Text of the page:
For­eign own­er­ship de­bate heats up

Labour to get tough

South Waikato News - - RURAL DELIVERY - By MATHEW GROCOTT

New Zealand farm­land has be­come a po­lit­i­cal hot potato as par­ties try to out-do each other in their op­po­si­tion to for­eign own­er­ship.

The bid­ding war was sparked by the po­ten­tial pur­chase of the Cra­far Farms by Nat­u­ral Dairy of Hong Kong and the cre­ation of a lobby group by sev­eral busi­ness­man op­posed to such sales.

The is­sue could play out in the South Waikato in the fu­ture with ru­mours at the start of the year that for­eign in­vestors had looked at the Carter Holt Har­vey dairy con­ver­sion farms.

Labour Agri­cul­ture spokesper­son Damien O’Con­nor said the pol­icy his party an­nounced last week would make it eas­ier for suc­cess­ful and younger New Zealan­ders to buy farms.

‘‘This pol­icy is a clear state­ment that Labour be­lieves we must own and con­trol our fu­ture in Agri­cul­ture,’’ he said.

‘‘ The grow­ing pres­sure from cheap for­eign cap­i­tal has al­ready re­sulted in Kiwi land trans­fer­ring to over­seas in­ter­ests.

‘‘ While Labour al­ways wel­comed ap­pro­pri­ate for­eign in­vest­ment to grow our econ­omy, the takeover of mo­nop­oly in­fra­struc­ture and the pur­chase of pro­duc­tive land does not en­sure any greater re­turn to Ki­wis over the long-term.

‘‘ Pric­ing land on an in­ter­na­tional mar­ket makes it more dif­fi­cult for NZ farm­ers to af­ford the pur­chase price of land and run a vi­able farm­ing op­er­a­tion.’’

The Labour pol­icy would mean for­eign buy­ers would have to prove their in­vest­ment would ben­e­fit the New Zealand econ­omy.

The pol­icy goes fur­ther than Na­tional’s an­nounce­ment late last month that it would tighten for­eign in­vest­ment rules.

Back then Fi­nance Min­is­ter Bill English said: ‘‘It’s im­por­tant that we wel­come ben­e­fi­cial for­eign in­vest­ment and recog­nise the pos­i­tive con­tri­bu­tion it makes to New Zealand through in­creased jobs, cap­i­tal and ac­cess to ex­port mar­kets.

‘‘At the same time, the Govern­ment recog­nises there are gen­uine pub­lic con­cerns about as­pects of cer­tain types of over­seas in­vest­ment.’’

Un­der Na­tional’s changes the Govern­ment would have ex­tra flex­i­bil­ity to con­sider a wider range of is­sues in­clud­ing largescale own­er­ship of farm­land when as­sess­ing over­seas in­vest­ment ap­pli­ca­tions for sen­si­tive land.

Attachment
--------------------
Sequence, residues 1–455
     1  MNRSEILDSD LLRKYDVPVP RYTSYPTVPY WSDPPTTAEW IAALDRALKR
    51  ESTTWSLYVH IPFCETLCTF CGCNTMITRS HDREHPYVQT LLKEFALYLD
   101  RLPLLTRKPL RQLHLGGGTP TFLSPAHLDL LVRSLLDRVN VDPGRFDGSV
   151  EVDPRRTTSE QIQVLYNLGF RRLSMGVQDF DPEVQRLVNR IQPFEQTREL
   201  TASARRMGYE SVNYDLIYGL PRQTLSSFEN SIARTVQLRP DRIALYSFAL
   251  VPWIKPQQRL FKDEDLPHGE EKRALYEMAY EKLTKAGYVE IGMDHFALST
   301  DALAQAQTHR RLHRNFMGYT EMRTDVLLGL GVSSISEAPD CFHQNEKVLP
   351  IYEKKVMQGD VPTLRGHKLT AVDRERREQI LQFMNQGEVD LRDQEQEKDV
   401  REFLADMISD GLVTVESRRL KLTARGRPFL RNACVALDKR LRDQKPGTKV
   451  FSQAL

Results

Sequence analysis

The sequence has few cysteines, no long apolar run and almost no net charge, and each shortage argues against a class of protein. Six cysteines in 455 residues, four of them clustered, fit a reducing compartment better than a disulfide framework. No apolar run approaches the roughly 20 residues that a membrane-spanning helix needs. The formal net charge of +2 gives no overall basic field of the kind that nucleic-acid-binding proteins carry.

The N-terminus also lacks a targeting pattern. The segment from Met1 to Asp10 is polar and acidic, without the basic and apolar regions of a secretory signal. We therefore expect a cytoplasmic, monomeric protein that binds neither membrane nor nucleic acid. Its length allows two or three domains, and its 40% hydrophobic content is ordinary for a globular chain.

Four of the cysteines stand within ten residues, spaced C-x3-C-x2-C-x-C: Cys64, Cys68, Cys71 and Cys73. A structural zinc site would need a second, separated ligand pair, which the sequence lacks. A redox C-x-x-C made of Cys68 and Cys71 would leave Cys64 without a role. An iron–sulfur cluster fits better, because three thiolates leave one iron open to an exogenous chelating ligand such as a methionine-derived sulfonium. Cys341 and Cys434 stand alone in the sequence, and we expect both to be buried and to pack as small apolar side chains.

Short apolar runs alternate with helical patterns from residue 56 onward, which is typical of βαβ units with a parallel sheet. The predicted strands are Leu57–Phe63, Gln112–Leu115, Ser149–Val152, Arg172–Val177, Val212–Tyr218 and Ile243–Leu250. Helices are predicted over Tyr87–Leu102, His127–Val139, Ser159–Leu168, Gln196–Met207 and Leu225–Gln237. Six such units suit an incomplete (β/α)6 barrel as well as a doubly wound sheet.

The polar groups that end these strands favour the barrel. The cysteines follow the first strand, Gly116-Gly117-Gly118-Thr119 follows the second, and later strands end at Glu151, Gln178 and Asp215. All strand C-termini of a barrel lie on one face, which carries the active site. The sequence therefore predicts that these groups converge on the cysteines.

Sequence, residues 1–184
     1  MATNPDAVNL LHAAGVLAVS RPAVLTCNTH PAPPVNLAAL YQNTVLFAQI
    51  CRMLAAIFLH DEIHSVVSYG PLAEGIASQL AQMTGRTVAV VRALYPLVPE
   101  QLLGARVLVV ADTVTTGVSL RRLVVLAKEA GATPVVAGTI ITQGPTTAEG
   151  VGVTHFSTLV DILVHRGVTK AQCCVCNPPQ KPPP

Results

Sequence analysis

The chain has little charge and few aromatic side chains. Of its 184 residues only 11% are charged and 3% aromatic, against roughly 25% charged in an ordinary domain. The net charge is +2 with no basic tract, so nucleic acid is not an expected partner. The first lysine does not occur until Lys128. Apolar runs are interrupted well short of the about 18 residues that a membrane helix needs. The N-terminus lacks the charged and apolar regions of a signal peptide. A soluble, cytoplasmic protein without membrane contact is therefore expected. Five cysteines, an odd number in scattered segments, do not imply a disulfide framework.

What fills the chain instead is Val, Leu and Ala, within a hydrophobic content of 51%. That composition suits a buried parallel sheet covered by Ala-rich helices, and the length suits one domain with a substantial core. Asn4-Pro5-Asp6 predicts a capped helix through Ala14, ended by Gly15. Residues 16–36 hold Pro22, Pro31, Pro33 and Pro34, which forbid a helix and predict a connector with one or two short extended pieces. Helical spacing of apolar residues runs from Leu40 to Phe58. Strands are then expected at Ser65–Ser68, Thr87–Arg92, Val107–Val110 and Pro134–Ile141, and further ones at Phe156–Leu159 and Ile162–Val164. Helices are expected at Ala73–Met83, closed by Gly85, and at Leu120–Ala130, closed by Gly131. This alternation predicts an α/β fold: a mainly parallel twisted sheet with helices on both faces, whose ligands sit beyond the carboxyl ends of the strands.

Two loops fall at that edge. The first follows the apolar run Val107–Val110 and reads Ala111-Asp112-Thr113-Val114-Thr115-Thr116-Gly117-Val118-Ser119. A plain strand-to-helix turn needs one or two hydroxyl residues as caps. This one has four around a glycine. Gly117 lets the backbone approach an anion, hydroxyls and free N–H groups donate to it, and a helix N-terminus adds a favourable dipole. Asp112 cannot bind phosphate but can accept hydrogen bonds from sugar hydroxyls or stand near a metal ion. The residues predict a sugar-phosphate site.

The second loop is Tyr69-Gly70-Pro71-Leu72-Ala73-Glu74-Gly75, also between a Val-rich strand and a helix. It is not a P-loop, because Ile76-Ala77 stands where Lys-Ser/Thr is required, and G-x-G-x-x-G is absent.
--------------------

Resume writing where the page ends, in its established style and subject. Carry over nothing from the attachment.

‘‘In re­cent months, min­is­ters have care­fully re­viewed the cur­rent frame­work for con­sid­er­ing over­seas in­vest­ment ap­pli­ca­tions – par­tic­u­larly in light of is­sues with re­spect to farm­land own­er­ship,’’ Mr English said.

‘‘ Over­all, the mea­sures ... strike an ap­pro­pri­ate bal­ance. They in­crease min­is­te­rial flex­i­bil­ity to con­sider a wide range of is­sues when as­sess­ing over­seas in­vest­ments in sen­si­tive land, while at the same time they pro­vide ex­tra clar­ity and cer­tainty for po­ten­tial in­vestors and the Over­seas In­vest­ment Of­fice.’’

ACT MP Heather Roy said there were sev­eral rea­sons why for­eign in­vest­ment was needed for New Zealand’s eco­nomic growth and ques­tioned the two par­ties’ mo­tives. ‘‘Both par­ties are driven by po­lit­i­cal polling show­ing that the sale of land to for­eign­ers is very un­pop­u­lar.

‘‘Polling shows that 75 per cent of New Zealan­ders op­pose the sale of farms to non-res­i­dents, the po­lit­i­cal ar­gu­ment for op­pos­ing such sales is very pow­er­ful.

‘‘The two big old par­ties are, in fact, fall­ing over them­selves to be the strictest on the re­stric­tion of New Zealand as­sets to for­eign­ers. How­ever it re­mains very fool­ish to stop for­eign in­vest­ment for a num­ber of rea­sons.’’

MEA­SURED AP­PROACH: Bill English thinks the Govern­ment has found the right bal­ance in its pol­icy to­wards for­eign own­er­ship of farms.

GO­ING FUR­THER: Damien O’Con­nor said Labour will take the rules on land own­er­ship fur­ther than Na­tional.

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